Badia Agnano

One of the oldest abbeys in the area gave the name to the village that developed nearby, whose toponym is either of Etruscan or Roman origin. Of the imposing holy building, once a wealthy landholder only the parish church remains, because the remaining parts of the abbey had been alienated by Napoleon's decree in 1811. Inside the church, there's a noteworthy painting by the local artist Bernardino Santini, which painted the masterpiece ("The Visitation") in 1637.

Badia Agnano is today a nice quiet village, which only in the name reveals the prominent role played in the valley in a distant past.

In fact, the powerful Abbey (Badia) of Agnano was erected right here.

As for the genesis of the name, researchers are divided: there are those who favour an Etruscan origin - the name would derive from Ani, god of fertility - while, according to others, it would originate from the Latin name "Annius" or "Agnus".
Of the original abbey complex, only a few structures remain, namely the church, the parsonage and a smaller chapel, while the remnant has been converted to residential use.

Badia Agnano was founded around the year 1000 AD by the powerful noble family of the Ubertini.
In the early twelfth century, it joined the congregation founded by St. Romuald - the Benedictine order based at Camaldoli.

The ancient abbey church, recently restored, almost certainly belongs to this period: in fact, it consists of a single nave covered with wooden trusses, at whose end stands single simple transept.
Once dedicated to St Mary, as of today, the title of the church is that of the Saints Tiburtius and Susannah. The title change - probably owed to the commendatory abbot Leonardo - took place in the sixteenth century.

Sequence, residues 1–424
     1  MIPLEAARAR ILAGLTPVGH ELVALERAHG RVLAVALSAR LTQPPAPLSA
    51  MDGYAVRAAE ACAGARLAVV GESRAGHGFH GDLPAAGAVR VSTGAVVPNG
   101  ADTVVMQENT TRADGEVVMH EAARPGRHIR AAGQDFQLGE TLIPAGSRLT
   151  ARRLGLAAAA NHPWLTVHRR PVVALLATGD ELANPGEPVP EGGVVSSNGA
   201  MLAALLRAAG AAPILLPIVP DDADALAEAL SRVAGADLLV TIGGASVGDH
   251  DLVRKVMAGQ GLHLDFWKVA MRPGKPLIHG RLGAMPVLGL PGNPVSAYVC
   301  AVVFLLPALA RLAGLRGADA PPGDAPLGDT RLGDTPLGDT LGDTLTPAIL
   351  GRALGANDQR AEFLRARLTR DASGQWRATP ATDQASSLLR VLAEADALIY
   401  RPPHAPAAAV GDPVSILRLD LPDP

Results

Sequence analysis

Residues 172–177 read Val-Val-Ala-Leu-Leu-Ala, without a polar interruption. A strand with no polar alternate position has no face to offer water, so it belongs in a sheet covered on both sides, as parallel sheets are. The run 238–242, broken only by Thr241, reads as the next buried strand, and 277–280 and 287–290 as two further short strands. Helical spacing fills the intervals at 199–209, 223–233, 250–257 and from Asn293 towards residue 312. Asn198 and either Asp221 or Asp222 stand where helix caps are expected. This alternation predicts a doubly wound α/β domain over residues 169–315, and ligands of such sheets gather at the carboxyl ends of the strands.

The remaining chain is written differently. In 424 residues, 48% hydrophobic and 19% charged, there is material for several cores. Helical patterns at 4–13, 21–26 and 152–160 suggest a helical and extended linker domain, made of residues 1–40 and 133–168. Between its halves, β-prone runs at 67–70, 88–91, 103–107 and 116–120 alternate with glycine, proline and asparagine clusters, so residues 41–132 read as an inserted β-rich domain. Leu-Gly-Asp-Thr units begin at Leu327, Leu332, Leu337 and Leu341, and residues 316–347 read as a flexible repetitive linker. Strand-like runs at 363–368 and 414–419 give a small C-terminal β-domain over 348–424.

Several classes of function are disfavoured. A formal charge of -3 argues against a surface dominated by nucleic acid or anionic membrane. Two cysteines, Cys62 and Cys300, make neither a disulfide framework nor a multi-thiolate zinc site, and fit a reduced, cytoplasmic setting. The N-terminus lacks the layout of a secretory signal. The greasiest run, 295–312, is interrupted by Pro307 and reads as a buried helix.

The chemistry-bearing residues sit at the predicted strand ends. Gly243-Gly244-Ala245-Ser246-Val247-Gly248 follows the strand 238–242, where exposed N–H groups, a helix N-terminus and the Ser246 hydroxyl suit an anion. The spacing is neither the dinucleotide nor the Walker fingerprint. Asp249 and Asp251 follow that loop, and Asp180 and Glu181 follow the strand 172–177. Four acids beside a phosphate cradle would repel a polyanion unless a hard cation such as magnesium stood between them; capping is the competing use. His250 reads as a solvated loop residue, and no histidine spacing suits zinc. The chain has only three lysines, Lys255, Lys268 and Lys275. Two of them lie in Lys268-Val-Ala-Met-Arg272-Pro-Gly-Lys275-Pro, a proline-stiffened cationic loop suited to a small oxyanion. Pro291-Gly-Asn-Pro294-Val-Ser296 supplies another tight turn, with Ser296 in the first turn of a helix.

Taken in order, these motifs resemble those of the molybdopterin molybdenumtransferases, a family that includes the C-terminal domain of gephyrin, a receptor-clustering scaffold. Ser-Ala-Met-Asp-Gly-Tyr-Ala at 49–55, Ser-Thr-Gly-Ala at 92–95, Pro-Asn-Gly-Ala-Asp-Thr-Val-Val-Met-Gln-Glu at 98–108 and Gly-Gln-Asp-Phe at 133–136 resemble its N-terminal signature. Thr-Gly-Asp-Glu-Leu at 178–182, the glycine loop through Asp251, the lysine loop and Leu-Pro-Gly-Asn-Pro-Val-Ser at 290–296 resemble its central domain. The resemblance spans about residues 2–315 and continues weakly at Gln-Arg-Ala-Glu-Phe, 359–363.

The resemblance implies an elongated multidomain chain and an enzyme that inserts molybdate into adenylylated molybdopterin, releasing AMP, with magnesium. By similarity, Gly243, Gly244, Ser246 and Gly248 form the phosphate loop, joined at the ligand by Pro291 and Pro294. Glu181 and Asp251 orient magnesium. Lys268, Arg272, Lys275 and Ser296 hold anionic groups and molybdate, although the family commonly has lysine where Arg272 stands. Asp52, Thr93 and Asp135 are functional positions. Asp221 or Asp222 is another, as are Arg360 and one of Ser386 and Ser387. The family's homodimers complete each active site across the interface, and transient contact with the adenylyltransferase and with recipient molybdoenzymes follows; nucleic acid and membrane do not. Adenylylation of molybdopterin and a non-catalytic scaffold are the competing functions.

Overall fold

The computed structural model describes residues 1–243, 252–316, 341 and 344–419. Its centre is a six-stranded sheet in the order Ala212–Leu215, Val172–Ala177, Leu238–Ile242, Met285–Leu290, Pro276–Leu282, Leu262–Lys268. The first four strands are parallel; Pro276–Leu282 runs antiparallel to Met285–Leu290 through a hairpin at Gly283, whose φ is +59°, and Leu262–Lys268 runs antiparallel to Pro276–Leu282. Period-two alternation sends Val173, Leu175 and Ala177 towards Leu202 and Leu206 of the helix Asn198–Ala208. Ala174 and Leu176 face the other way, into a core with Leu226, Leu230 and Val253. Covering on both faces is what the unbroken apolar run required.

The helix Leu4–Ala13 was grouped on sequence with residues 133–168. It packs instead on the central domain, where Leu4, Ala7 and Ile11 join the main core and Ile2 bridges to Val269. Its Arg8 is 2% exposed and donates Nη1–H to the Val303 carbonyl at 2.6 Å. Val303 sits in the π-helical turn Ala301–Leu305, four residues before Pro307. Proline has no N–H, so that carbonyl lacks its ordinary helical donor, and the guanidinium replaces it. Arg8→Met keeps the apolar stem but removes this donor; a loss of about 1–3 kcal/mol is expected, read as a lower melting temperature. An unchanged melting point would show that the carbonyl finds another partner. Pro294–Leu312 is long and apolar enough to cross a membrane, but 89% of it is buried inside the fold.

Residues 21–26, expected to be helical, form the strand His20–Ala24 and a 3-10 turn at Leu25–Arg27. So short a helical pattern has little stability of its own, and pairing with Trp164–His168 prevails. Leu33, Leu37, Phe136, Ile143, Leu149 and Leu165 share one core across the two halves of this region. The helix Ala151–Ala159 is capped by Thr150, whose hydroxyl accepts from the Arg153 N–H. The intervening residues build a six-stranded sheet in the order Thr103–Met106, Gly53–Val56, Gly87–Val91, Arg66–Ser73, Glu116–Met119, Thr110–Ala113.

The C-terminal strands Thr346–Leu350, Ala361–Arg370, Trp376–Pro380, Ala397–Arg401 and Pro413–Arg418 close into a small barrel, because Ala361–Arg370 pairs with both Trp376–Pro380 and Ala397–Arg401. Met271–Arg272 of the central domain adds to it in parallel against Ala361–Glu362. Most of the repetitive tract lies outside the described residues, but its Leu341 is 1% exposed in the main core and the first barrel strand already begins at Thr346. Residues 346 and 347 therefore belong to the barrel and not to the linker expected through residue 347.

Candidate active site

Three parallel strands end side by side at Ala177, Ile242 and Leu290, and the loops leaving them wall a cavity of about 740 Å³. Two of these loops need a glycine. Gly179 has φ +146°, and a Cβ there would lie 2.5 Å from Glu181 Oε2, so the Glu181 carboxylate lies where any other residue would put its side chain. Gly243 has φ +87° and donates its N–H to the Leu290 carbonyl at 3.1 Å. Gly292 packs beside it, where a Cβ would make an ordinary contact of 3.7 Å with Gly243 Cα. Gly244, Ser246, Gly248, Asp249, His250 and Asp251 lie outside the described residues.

The structure is built off well aligned and squared limestone slabs.

The absence of decoration reflects the purely spiritual and austere style of the Camaldolese Congregation.
The abbey was later fortified and the village eventually developed all around it.

In 1431 (in that year it had an abbot and five monks) is described by Blessed Traversari (Prior of Camaldoli) in these words: "a well built, ancient and extremely rich abbey."
A few years later, in 1470, the decline began because of the alternation of a series of abbots and it ended only with the arrival of the future holy bishop of Milan, Carlo Borromeo who, in 1564, returned the abbey to the Benedictine order.
Despite the neglect due to the Commandery, in an inventory of 1583, the church is described as well-preserved; following the restoration carried out in 2003 it was brought back to its original splendour.

The inside features a wooden crucifix suspended in the apse and a baptismal font which still features the crest of the Benedictine order: two doves drinking from the same cup.